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27 responses to “EDITORIAL: Thanks, Mr. Putin

  1. Congrats on 10!!!!

    Nice work keeping the flame burning

  2. Just before the Georgian invasion to South Ossetia, Miss Rice visited Georgia and told Saaka: We always fight for our friends; however, the only “fighting” the Only Superpower did for Georgia media hysteria. After that, American hangers-on in Eastern Europe and ex-USSR should think twice as to what kind of protection alliance with the USA offers them. :)

  3. P.S. Are you sure “a hero” should chicken out and run for his life although no enemy forces are in sight or chew his tie when on air? :) And I doubt the leaders of Poland, Ukraine, Latvia, Estonia and Lithuania who stood at Saaka’s side during the Tbilisi rally on August twelve are “the world’s most important leades”.

    LA RUSSOPHOBE RESPONDS: Why is it that you are the only one who feels the need to decorate his “comments” with smiley faces? Is it because you have the maturity level of a six-year-old and know your comments are lacking in substance, so you don’t want anyone to think you actually expect to be taken seriously? Frankly, your vapid remarks make you seem like an utter idiot in our eyes, and we’re delighted to have the likes of you speaking up for the Putin regime. With friends like you, he doesn’t really need any enemies.

  4. Doesn’t matter where they’re from, Eugene. As long as you have friends or allies, it’s all that matters.

    Where’s Russia’s friends? Answer that.

    As for Saakashvili, he didnt flee the country like a fugitive or a coward. He’s still in Georgia, so I would think carefully about calling him a chicken.

  5. 2NeonAlleyCat: According to Russian Emperor Alexander III (1845-1894), Russia’s only friends are Russian Army and Russian Navy. Since his time, Russia gained two more friends: Russian oil and Russian gas. :) Those who Russia thought to be her friends and “Slavonic brothers” have fled to the other side when times were hard for her, so we now know their real worth: a friend in need is a friend indeed. At any rate, they did not render any assistance to Georgia, and when their common “don”, the USA, starts to have real problems… we’ll see if they remain faithful to it.

  6. c’mon russia’s got friends, don’t they??
    oooops, i forgot, even lukashenko thinks putin’s a loser.
    what happened to the warsaw pact???
    feed your people, vovka, feed the sad and miserable old ladies in the perekhodi and metro. feed the unhappy conscripts that STILL beg for money all over moscow, who just want a beer before they go back to the barracks for another beating.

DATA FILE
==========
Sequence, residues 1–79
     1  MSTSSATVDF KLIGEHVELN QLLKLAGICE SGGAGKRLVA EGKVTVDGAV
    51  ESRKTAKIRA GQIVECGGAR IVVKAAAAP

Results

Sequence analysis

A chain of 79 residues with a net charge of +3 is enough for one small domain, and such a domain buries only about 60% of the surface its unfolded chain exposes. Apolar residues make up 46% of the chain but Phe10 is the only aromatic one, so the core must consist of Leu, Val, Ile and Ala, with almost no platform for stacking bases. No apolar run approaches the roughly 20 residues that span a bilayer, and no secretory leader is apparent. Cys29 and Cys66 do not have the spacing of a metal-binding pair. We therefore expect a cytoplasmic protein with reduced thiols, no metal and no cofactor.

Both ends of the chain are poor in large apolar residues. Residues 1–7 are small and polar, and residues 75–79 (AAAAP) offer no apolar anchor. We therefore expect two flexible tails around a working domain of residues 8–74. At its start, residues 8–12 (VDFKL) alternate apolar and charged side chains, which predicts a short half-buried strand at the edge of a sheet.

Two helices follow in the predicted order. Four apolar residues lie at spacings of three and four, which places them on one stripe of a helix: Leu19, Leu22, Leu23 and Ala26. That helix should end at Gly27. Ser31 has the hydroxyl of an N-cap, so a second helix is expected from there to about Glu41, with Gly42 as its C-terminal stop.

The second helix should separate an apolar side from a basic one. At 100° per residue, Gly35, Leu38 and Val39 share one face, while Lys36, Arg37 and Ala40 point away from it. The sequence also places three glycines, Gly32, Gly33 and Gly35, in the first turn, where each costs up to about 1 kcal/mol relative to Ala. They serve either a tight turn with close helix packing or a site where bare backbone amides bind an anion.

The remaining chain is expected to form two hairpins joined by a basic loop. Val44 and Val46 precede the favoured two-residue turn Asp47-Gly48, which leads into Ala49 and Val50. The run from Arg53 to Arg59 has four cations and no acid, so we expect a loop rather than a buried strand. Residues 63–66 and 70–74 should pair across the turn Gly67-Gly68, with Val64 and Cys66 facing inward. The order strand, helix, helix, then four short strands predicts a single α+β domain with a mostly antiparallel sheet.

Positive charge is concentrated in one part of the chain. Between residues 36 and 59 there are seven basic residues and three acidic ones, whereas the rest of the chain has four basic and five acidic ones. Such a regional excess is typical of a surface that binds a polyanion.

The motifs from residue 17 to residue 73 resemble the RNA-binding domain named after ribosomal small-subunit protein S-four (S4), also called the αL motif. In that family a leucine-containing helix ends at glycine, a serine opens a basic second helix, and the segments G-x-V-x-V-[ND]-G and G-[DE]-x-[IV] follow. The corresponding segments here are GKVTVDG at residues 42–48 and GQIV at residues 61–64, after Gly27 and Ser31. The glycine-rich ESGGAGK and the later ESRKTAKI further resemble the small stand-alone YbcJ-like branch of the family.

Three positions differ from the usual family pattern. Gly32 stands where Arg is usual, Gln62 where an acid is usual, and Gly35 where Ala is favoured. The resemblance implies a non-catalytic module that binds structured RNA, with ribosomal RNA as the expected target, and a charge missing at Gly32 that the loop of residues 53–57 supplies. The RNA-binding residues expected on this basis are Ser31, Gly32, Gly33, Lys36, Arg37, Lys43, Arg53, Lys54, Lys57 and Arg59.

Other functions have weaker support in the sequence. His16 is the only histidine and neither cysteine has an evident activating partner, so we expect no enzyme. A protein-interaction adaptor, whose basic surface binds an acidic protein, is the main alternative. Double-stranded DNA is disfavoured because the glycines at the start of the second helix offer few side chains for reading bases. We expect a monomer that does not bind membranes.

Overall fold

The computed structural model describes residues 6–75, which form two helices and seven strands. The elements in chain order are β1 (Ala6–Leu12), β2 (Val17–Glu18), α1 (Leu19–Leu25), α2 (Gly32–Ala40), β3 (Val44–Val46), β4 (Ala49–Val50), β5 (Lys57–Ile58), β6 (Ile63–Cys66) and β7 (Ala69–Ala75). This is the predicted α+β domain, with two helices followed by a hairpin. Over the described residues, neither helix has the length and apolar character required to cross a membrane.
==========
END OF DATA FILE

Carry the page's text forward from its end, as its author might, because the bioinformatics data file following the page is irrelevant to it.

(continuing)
fix your sad country, with its superrich and miserable forgotten poor, before you tell others how to live.

  7. 2John: We don’t tell others how to live any more; we leave it to the great and mighty “Democracy Promoters”; as to the “unhappy conscripts”, they somehow managed to steamroller the supermodern Georgian army, equipped according to the best Western standards, in just 5 days.

  8. And I even know how Putin has tricked his indigent rookies into invading Georgia: he told them they would be able to loot some food there.

  9. BTW, an on-line start-up has been announced, planning to sell, at unbeatable prices, the goods recently liberated by Russian heroes:

    http://nemyrych.livejournal.com/81319.html

    Got some rubles? Hurry while supplies last!

  10. Vanya, check if your own golden forks and toilet seats are in place! Maybe the Reds are under your Bed already!! :)))

  11. Oh, don’t worry about me, Eugene: all my tableware is protected by NATO. And I do have my home cleaned regularly, so there is no place in it dirty enough for Russkies or any other pest.

  12. Vanya, if I were in your shoes I would try to find a more reliable insurance company than the NATO. The only real fighting it did was an unprovoked aggression against Yugoslavia… it never had a chance to stand against a really serious enemy. :)

  13. Yeah, Eugenya, the world already knows that your lot is pretty hungry for someone else’s shoes.

    As far as NATO is concerned, it has always been quite successful in protecting my shoes and the rest of the Free World from the Russkie hordes. So successful, in fact, that all the Russkie oligarchs keep their assets under NATO’s protection. :)

  14. Speaking of Russias’ friends, who were once called usefull idiots. We have more than we require inside the US. In fact one of them is running for president. You can have them all back.

    LR, untill I found this site, I thought we were in for a hopeless struggle. Now I find humor in socialist jargon again. Thank you.

    Hopefully the free world will take soviet incursions seriously this time.

  15. Ivan, I hate to it to you but Eugene does have a point. In the case of Georgia, what we’ve seen up to now is not exactly sufficient in the sense of protection. Maybe the next former USSR blokes are a bit luckier.
    As for the oligarchs using NATO a protection for their assets, well no. They just buy wherever they find expensive assets.

  16. Eugene, are you serious? Your aggressor army outnumbered the Georgians 3-1.

    When America went into Iraq, against Saddam’s million man army trained and equiped primarily by Russia, with only 150,000 men. Our vehicles were crossing the country faster than they were designed to.